Solar planned for White House

Author and environmental activist Bill McKibben has got to be smirking.
U.S. Energy Secretary Steven Chu and Council of Environmental Quality Chair Nancy Sutley just announced President Obama's intention to install solar panels and a solar hot water heater on the White House roof. The message?

That the solar installations "will be part of a Department of Energy demonstration project showing that American solar technologies are available, reliable and ready for installation in homes throughout the country."

That's in stark contrast to last month when McKibben and a crew of Unity College students hauled a solar panel all the way from Maine to the White House. It had been installed on the White House by President Carter's administration and taken down by President Reagan's.

The move was symbolic. A "softball" to President Obama to embrace solar.

However, the response from the White House when the Unity crew arrived was chilly. No big reception. Just a couple of staffers reciting party lines about energy efficiency policies. Wow.

The organizers of 350.org -- another McKibben-supported group -- let out a collective groan. The group is seeking to build enthusiasm and work crews for its 10/10/10 initiative, which means to launch into environmental cleanup and clean energy projects across the globe on that date. A grassroots go-green-for-real movement.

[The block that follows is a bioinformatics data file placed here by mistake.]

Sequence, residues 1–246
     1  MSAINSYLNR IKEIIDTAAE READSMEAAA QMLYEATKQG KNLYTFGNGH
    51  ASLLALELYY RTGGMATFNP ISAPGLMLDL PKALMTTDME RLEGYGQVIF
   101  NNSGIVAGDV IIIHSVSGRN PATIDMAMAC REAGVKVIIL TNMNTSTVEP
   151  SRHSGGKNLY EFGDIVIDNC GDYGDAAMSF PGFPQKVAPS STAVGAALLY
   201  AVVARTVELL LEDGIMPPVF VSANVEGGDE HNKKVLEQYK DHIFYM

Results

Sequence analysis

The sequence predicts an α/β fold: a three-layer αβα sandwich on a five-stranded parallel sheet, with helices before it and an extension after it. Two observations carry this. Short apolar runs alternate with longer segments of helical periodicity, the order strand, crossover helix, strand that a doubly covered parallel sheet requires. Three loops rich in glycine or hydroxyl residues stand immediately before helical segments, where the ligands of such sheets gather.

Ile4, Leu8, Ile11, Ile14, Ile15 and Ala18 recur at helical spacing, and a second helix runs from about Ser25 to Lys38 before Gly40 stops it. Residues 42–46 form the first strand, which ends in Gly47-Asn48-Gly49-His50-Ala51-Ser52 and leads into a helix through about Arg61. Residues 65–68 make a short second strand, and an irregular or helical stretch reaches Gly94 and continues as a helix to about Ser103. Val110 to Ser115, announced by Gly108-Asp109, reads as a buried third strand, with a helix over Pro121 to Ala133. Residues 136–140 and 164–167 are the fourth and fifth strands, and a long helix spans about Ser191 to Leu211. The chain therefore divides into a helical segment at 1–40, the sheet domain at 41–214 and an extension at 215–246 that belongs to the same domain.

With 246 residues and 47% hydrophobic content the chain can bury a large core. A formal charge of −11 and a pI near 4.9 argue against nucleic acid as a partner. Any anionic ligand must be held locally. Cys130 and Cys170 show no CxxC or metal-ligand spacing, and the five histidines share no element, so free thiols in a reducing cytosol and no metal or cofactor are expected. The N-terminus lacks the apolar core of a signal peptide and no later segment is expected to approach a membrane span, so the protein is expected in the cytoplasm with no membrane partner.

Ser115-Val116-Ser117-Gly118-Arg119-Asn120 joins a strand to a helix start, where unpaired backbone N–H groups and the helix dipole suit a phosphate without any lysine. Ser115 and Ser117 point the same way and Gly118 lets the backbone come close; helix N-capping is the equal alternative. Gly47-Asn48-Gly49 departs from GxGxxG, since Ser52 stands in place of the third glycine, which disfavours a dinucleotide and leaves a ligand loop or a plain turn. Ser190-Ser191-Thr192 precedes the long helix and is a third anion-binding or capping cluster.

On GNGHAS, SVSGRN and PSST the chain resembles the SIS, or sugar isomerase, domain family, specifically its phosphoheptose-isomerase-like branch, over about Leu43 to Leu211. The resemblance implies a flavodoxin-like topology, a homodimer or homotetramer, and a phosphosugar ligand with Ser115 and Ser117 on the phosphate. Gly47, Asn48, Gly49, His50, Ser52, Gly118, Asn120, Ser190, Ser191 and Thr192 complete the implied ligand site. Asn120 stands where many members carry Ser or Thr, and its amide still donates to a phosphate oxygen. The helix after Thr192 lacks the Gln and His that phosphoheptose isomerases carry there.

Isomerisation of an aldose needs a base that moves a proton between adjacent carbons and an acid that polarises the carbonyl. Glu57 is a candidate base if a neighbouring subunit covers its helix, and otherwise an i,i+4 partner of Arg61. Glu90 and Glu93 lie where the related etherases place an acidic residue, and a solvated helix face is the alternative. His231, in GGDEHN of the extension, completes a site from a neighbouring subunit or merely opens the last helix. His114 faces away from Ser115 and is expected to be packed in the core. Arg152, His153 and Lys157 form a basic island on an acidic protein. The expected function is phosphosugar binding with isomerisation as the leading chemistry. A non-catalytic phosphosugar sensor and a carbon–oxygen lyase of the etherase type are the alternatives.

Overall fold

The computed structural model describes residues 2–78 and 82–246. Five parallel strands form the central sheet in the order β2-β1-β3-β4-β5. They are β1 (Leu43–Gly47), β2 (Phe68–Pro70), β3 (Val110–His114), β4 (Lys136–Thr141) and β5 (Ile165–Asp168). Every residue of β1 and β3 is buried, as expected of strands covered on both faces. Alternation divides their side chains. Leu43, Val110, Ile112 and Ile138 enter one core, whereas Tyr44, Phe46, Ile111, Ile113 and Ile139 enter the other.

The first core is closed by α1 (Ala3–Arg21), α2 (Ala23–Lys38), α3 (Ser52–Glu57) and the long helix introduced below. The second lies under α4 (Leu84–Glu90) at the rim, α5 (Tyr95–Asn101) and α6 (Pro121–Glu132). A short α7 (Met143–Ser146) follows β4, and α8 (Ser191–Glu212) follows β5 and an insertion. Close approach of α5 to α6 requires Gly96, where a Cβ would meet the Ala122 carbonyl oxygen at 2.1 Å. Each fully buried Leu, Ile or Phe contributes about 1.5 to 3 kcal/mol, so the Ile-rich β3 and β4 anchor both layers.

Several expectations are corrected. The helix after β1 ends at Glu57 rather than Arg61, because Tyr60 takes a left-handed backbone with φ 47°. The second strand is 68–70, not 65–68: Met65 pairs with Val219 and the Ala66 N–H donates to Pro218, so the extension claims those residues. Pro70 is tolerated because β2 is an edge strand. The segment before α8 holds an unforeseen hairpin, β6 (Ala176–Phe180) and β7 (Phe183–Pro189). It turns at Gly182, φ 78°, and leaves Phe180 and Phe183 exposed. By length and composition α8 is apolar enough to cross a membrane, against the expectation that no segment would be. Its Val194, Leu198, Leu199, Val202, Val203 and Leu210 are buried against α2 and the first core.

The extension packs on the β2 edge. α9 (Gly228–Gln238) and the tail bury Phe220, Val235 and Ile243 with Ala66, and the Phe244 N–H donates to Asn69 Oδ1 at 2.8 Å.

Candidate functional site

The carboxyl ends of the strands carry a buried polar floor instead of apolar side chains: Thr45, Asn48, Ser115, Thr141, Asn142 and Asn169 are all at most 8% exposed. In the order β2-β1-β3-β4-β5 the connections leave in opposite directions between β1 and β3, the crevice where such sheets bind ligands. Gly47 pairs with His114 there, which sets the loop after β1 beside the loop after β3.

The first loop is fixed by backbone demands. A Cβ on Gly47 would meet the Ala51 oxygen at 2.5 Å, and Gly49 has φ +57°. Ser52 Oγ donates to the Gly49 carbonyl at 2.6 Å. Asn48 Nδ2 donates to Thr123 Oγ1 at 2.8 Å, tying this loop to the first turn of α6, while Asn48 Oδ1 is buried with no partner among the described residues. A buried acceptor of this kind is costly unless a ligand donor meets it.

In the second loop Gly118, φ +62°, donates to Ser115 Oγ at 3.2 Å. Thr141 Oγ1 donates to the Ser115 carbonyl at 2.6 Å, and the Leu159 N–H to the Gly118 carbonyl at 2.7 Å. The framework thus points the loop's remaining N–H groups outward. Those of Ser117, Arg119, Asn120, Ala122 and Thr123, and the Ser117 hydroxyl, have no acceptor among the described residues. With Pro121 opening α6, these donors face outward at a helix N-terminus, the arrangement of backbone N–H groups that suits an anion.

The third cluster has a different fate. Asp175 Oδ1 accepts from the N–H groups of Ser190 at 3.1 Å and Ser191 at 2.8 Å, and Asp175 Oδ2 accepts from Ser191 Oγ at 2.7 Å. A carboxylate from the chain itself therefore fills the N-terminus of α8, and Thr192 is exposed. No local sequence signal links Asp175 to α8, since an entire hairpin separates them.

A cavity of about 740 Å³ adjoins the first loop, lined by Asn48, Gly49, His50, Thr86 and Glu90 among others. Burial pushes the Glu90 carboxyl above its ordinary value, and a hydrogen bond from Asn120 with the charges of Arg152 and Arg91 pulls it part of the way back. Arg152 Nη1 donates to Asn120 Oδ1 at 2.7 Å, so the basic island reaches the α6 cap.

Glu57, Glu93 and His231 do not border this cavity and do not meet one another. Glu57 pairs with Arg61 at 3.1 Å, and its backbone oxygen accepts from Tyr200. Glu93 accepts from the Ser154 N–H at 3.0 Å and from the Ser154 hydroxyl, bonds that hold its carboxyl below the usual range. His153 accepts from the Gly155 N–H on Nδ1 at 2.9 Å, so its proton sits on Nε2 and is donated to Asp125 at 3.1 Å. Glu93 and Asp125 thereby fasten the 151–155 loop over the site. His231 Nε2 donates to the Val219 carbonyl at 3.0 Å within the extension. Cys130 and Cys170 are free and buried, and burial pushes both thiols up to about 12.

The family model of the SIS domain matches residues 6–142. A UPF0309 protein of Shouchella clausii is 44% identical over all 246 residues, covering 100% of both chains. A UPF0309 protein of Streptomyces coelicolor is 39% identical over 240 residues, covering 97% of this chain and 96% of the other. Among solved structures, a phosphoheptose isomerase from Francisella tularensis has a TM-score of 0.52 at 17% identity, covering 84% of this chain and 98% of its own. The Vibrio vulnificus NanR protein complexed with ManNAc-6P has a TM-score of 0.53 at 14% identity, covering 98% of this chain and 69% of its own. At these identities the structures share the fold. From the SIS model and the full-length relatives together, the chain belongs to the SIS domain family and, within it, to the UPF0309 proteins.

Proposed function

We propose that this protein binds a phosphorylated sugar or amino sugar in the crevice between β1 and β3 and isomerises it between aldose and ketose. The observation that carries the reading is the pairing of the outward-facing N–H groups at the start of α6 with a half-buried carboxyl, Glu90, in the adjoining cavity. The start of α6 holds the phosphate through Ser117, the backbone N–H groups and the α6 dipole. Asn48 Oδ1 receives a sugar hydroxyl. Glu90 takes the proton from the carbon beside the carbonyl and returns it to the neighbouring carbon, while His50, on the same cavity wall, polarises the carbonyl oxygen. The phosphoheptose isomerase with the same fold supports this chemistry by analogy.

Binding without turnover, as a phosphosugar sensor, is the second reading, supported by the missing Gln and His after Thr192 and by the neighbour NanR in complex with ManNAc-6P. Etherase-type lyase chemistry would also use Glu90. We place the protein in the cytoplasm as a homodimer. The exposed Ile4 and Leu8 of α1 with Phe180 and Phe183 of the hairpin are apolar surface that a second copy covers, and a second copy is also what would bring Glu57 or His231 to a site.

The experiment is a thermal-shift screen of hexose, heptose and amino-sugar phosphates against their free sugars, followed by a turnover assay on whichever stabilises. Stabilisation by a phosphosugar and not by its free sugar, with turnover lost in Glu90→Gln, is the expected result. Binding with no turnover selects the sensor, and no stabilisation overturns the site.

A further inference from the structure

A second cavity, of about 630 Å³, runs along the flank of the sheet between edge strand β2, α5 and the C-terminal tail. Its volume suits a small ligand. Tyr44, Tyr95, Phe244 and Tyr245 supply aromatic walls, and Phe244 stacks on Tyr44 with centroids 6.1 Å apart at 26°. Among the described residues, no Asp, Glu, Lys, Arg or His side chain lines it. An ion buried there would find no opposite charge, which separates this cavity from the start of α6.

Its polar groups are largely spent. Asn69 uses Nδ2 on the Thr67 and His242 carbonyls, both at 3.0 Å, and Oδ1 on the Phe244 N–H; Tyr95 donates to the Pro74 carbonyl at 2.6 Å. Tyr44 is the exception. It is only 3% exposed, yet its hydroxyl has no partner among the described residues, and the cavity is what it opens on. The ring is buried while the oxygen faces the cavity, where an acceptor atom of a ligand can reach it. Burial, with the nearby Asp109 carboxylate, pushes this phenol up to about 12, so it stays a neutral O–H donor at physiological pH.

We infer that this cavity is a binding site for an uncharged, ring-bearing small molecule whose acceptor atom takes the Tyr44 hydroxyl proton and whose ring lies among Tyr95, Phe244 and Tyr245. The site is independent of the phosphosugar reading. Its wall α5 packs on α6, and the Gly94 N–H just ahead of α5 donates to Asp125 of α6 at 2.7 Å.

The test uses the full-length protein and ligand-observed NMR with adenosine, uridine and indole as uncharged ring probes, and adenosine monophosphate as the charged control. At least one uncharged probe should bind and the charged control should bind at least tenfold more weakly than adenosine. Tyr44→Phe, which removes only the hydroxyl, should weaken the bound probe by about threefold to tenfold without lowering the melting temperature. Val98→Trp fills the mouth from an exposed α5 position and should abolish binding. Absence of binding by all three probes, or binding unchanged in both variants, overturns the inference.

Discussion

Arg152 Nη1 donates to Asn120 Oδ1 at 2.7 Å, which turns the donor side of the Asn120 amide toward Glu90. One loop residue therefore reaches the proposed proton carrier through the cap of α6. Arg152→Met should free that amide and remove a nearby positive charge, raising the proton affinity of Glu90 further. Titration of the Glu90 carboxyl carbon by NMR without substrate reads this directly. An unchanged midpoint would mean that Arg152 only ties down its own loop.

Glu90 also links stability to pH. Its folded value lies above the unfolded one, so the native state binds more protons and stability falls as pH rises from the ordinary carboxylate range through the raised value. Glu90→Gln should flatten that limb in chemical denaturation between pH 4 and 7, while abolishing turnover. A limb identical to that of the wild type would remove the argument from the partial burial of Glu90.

But somebody must have been listening in the Obama administration.

"By installing solar panels on arguably the most famous house in the country, his residence, the president is underscoring that commitment to lead and the promise and importance of renewable energy in the United States," Sutley said in a statement.

"Good for the White House," McKibben tweeted soon after the announcement. He linked to The Associated Press story by reporter Dina Cappello.

Part of the mission was to promote Oct. 10, or 10/10/10, an effort launched by McKibben and students to stage a global work day in which teams pursue clean energy projects across the globe. 350.org is the website coordinating various projects.